Creating and Sustaining Cancer Movements: An all of society approach to cancer control

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Published: 22 Nov 2013
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Dr Elmer Huerta - Washington Hospital center, USA

Dr Elmer Huerta speaks to ecancertv at the 5th International Cancer Control Congress in Lima, Peru. “The problem with cancer in Latin America is advanced cancer,” he explains.  He discusses the mobile prevention units in Peru and the outcomes of hosting a large international cancer conference in Latin America.

5th International Cancer Control Congress

Creating and Sustaining Cancer Movements: An all of society approach to cancer control

Dr Elmer Huerta - Washington Hospital Center, USA


In Latin America the problem is advanced cancer. That is unfortunate but, for example in Peru, up to 80% of all cases of cancer are stage 3, 4, advanced and incurable. What happens is that we are lacking the cultural prevention in the community and we are also lacking bringing the locally adapted screening methods to the communities. Countries need to work in a local facility that can put together a programme that is tailored for that community. In other words it is not the same to offer cancer screening, for example, in Lima, in this capital of eight million people than to offer cancer screening programmes in the forest, in the jungle or in the mountains. So public health professionals need to be very flexible in providing cancer screening that are adapted to the local communities. It is extremely important not to think that one method is going to work for the whole country.

Tell us a little bit about prevention mobile units in Peru?

In Peru, yes, there is a group called Oncosalud and they do have a programme, a mobile programme; that’s extremely important. The only thing is that any mobile programme needs to have a very strong referral programme because people who are poor, people who are under-served, people who are lacking health insurance, they are going to take advantage that a truck is going to their neighbourhood but what if we find something? We need to make sure that every finding is really resolved and therefore we need to really have a very strong referral programme to make sure that we are not just going there as a marketing enterprise but we are going there to really help people and make sure that if we find something that something is resolved.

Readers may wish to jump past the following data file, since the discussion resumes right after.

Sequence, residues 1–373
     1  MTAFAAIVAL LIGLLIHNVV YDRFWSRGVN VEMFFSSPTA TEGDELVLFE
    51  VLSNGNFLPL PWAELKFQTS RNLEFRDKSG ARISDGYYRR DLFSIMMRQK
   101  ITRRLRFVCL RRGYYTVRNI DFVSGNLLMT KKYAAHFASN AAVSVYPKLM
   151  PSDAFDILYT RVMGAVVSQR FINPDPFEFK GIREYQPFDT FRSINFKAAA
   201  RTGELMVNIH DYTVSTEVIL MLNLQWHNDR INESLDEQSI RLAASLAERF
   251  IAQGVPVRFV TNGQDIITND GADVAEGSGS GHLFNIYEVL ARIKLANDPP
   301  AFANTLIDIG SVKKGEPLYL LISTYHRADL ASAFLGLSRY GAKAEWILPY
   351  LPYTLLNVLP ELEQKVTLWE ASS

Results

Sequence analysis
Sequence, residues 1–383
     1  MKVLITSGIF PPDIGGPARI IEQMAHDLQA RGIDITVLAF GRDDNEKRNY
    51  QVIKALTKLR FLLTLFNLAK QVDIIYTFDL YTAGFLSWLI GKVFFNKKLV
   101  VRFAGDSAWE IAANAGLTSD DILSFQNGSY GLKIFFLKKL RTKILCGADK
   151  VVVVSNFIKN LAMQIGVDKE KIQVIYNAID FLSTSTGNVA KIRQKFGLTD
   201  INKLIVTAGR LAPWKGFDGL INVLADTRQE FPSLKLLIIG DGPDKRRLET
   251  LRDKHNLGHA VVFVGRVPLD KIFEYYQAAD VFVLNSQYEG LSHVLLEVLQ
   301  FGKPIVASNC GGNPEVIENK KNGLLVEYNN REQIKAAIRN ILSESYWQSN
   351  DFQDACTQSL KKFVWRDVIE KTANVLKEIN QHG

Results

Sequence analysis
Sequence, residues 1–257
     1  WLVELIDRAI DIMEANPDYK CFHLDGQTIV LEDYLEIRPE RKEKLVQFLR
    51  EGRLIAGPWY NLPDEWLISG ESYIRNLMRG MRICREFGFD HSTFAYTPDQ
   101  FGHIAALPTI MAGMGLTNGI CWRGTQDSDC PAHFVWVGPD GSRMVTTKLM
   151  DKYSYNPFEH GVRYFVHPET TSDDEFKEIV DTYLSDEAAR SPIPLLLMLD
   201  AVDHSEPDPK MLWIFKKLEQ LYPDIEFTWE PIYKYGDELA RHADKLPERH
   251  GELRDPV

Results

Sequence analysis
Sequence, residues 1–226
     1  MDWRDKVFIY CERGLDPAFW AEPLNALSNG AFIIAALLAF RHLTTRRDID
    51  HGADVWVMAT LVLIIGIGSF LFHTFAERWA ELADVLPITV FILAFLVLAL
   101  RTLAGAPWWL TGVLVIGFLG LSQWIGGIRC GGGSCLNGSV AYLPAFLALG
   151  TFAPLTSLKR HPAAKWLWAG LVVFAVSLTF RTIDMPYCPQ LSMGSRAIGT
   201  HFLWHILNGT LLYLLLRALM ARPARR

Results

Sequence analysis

What could be the outcomes of a congress like the ICCC5 for Latin America?

I think the main objective of a conference on cancer control being held here in Peru and Latin America is to make sure that people, especially people who are in a position of power, understand the importance of cancer control. Unfortunately when people think about cancer they only think about treatment – surgery, chemotherapy or radiation therapy or any kind of treatment. People don’t think in cancer control terms. They don’t think that cancer is a condition that has many routes in society. So one of the wonderful things that this congress can do is to promote the concept of cancer control in the community, that’s why I was so happy to listen to the President of Peru today when he was talking about the need for developing a prevention culture in society. He was warning people that cancer is silent and that if people wait long enough to see the doctor they are going to be already out of control. So I think coming from the President that’s going to trickle down to all officials and one of the main objectives of this meeting has been already accomplished.